Compared to before most countries eliminated leprosy as a public health problem, I think the situation today is much more challenging. Leprosy tends to be concentrated in hard-to-serve areas such as urban slums, border regions and areas populated by ethnic minorities. Plus, cases are widely scattered.  It’s also a fact that governments have fewer resources to devote to leprosy. Among the health ministers I met in Geneva at the World Health Assembly in May this year where those who said that people involved in leprosy were letting their guard drop… and that it was becoming harder to get results.

So, to deal with these challenges, I would like to see the 20 million dollars used to strengthen [WHO’s] Global Leprosy Program and enhance the activities of the various stakeholders.

As the WHO’s Goodwill Ambassador, you have made extensive visits to leprosy endemic countries. What is a special memory or a poignant moment from those travels that has that has stuck with you?

One I especially remember came at the end of 2005. This was the first national assembly of people affected by leprosy in India. India contributes over half the new cases of leprosy in the world, yet there had never been an opportunity for people affected by leprosy to come together from different parts of the country…By uniting, they gain the strength to make society hear them.

In answer to my call, almost 600 people affected by leprosy gathered from all over India. Up until then, I had met many who had opted to remain silent rather than speak out for their human rights and invite further discrimination. But the people who gathered in Delhi summoned the courage to demand and end to discrimination and the restoration of their dignity  and debated the specifics of how this was to be done. I felt a big hole had been punched in the towering wall that separates them from mainstream society.

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Me and V. Narsappa- current chairman of  National Forum of India for Leprosy Affected Persons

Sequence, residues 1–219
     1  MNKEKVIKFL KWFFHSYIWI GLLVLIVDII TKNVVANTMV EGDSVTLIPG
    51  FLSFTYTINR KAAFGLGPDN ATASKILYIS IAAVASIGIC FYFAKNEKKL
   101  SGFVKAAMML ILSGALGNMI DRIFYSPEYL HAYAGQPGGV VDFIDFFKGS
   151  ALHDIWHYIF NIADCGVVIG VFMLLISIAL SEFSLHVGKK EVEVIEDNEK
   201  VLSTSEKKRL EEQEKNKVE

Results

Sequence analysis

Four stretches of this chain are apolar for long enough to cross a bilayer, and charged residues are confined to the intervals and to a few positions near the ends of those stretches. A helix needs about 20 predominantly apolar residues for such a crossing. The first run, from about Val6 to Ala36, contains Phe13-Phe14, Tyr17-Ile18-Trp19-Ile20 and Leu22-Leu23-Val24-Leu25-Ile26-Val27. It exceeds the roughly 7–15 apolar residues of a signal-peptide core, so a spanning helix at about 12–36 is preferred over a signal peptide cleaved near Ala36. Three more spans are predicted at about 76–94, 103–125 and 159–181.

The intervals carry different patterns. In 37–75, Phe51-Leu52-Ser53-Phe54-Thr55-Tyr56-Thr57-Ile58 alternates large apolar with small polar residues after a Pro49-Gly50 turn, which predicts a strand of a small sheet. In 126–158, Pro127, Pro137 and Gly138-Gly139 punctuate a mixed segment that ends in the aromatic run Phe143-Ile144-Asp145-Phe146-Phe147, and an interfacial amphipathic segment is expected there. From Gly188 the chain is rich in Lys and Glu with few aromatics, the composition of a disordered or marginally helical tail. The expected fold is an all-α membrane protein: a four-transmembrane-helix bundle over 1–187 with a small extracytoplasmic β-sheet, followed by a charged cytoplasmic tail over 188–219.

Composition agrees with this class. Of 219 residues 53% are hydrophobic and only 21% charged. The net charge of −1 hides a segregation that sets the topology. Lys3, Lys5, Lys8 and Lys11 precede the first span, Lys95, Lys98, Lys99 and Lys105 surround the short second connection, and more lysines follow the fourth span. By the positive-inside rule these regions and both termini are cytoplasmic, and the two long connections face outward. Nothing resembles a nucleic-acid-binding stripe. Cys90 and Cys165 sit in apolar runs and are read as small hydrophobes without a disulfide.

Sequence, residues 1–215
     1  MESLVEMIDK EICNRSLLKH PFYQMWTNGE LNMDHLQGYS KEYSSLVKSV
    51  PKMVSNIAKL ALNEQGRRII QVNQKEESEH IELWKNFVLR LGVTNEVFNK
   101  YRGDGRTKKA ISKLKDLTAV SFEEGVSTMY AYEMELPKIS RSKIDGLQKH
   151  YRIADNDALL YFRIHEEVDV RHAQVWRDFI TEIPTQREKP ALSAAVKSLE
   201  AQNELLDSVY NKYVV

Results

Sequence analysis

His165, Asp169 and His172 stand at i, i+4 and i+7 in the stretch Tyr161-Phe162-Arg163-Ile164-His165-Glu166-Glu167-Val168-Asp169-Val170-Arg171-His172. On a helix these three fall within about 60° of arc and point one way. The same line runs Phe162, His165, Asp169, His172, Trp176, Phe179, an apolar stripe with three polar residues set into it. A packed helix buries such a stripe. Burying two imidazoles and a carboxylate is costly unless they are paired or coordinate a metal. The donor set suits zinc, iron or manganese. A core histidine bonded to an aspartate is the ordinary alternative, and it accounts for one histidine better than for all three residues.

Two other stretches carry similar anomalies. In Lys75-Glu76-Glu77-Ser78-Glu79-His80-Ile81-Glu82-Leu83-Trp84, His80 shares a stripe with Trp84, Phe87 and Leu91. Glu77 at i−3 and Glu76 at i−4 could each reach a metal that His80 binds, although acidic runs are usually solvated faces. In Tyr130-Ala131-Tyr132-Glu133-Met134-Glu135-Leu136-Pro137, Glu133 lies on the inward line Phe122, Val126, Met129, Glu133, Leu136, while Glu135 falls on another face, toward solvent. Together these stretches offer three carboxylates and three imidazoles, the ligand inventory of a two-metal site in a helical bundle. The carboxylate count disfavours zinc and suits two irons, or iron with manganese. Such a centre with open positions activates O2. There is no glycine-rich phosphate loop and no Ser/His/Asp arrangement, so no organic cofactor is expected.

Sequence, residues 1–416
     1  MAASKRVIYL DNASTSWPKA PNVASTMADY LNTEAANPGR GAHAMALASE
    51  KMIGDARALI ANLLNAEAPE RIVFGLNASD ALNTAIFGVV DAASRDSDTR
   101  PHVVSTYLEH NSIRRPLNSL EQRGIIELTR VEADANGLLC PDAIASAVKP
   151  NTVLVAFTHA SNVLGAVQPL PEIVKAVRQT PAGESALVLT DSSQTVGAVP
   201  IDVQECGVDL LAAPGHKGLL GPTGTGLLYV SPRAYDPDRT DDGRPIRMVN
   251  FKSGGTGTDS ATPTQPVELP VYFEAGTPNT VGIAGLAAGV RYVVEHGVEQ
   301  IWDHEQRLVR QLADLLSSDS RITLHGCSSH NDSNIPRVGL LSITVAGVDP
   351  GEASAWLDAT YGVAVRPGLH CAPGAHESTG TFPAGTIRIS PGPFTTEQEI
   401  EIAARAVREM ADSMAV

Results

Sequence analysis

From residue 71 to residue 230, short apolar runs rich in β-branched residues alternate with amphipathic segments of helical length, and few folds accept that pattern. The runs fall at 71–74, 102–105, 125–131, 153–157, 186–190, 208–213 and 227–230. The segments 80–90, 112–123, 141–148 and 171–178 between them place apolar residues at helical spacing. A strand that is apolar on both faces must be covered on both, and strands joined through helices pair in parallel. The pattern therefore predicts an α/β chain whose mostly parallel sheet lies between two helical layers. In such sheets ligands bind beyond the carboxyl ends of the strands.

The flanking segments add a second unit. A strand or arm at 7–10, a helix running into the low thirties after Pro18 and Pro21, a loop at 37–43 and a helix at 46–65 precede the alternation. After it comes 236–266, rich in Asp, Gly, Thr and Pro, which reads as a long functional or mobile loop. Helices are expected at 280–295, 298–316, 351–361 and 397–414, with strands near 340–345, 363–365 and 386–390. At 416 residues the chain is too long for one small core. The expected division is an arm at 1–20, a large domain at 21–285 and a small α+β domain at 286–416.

Thanks to this national conference, a nationwide organization of people affected by leprosy called the National Forum—now National Forum India—was established. I regard its members as my brothers and sisters and we have shared many joys and sorrows dating back from before it was founded, right up to the present day.

What words of advice do you have for people that want to be involved in global health issues?

Let’s just say I would like to see many people get involved. A problem may not easily be solved, but don’t give up if you fail. You need to tackle it with strong conviction and courage. …My watchwords are “passion, perseverance and persistence.” I regard this as my life’s work, and my intention is to keep going without giving up.

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Udaipur: that time I got kicked by a horse and rageslept for 6 hours

ImageA quick weekend trips roundup. I am too proud of my weekend exploits and the pictures I took to simply spare my audience. So sorry.

First up is Udaipur- the “Venice of India.” I went with my friend and WHO colleague Adriane. It was easily one of my favorite trips that I took. The high and low lights are as follows:
The overnight train and ragesleeping. This was a cool experience. Amazing on the way there and quite restful. But on the way back we were in 3 tier AC (3 bunkbeds on each side) and 3 men got on at 11pm even though there were only 2 available seats/beds. One was a “local politician” (hint: corruption gets you anything) of the gold chain/track pants variety and the others were his minions I guess. I was on the bottom bunk and one corpulent minion just set up shop on the ground about six inches from my ear and proceeded to talk/snore/stare at me for the whole night. I had an eye mask and ear plugs but I couldn’t sleep because I was enraged. Have you ever tried to rage-sleep? I don’t recommended it. The next morning I came out of the toilet (read: hole) between train cars and the three of them were smoking there. In very broken English I ascertained that they were asking me for my “contact details.”  This provided a small opportunity to unleash my rage and snarl that I didn’t even have a phone (a lie). I think my anger was lost in translation but it felt oh so good.
Visiting a mountain fort. We ended up meeting a young Indian family and spent the day with them and their adorable 2 year old.